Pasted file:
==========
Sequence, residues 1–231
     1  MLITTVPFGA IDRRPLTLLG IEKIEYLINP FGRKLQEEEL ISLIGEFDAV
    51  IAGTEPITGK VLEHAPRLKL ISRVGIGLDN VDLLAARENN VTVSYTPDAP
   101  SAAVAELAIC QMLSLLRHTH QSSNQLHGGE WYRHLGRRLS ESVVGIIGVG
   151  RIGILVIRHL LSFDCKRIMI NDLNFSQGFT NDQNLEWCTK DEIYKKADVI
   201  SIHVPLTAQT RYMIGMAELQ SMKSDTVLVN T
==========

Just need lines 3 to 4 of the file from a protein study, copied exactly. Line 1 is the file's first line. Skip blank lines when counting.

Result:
    51  IAGTEPITGK VLEHAPRLKL ISRVGIGLDN VDLLAARENN VTVSYTPDAP
   101  SAAVAELAIC QMLSLLRHTH QSSNQLHGGE WYRHLGRRLS ESVVGIIGVG